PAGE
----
Using Wireless Technology Securely

Using Wireless Technology Securely
In recent years, wireless networking has become more available, affordable, and easy to use. Home users are adopting wireless technology in great numbers. On-the-go laptop users often find free wireless connections in places like coffee shops and airports.

If you’re using wireless technology, or considering making the move to wireless, you should know about the security threats you may encounter. This paper highlights those threats, and explains what you need to know to use wireless safely, both in the home and in public. You will find definitions of underlined terms in the glossary at the end of this paper.

Home Wireless Threats
By now, you should be aware of the need to secure traditional, wired internet connections.* If you’re planning to move to a wireless connection in your home, take a moment to consider what you’re doing: You’re connecting a device to your DSL or cable modem that broadcasts your internet connection through the air over a radio signal to your computers. If traditional wired connections are prey to security problems, think of the security problems that arise when you open your internet connection to the airwaves. The following sections describe some of the threats to home wireless networks.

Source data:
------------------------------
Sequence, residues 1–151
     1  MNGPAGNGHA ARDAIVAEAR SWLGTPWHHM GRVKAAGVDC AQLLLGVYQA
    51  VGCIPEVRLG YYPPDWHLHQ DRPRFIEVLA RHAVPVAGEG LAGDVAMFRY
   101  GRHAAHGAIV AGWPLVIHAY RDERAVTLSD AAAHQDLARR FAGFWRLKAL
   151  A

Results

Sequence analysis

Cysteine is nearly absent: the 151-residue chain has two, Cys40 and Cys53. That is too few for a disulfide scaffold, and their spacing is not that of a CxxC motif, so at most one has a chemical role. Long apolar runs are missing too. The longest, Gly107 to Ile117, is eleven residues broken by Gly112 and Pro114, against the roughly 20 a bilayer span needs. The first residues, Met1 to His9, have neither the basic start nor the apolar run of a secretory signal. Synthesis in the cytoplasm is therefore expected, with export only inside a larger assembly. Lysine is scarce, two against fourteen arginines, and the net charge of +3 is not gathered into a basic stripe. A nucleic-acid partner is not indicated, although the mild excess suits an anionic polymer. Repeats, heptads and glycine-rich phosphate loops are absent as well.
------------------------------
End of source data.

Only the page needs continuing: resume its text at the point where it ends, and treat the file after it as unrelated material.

Piggybacking
If you fail to secure your wireless network, anyone with a wireless-enabled computer within range of your wireless access point can hop a free ride on the internet over your wireless connection. The typical indoor broadcast range of an access point is 150 – 300 feet. Outdoors, this range may extend as far as 1,000 feet. So, if your neighborhood is closely settled, or if you live in an apartment or condominium, failure to secure your wireless network could potentially open your internet connection to a surprising number of users. Doing so invites a number of problems:

  • Service violations: You may exceed the number of connections permitted by your internet service provider.
  • Bandwidth shortages: Users piggybacking on your internet connection might use up your bandwidth and slow your connection.
  • Abuse by malicious users: Users piggybacking on your internet connection might engage in illegal activity that will be traced to you.
  • Monitoring of your activity: Malicious users may be able to monitor your internet activity and steal passwords and other sensitive information.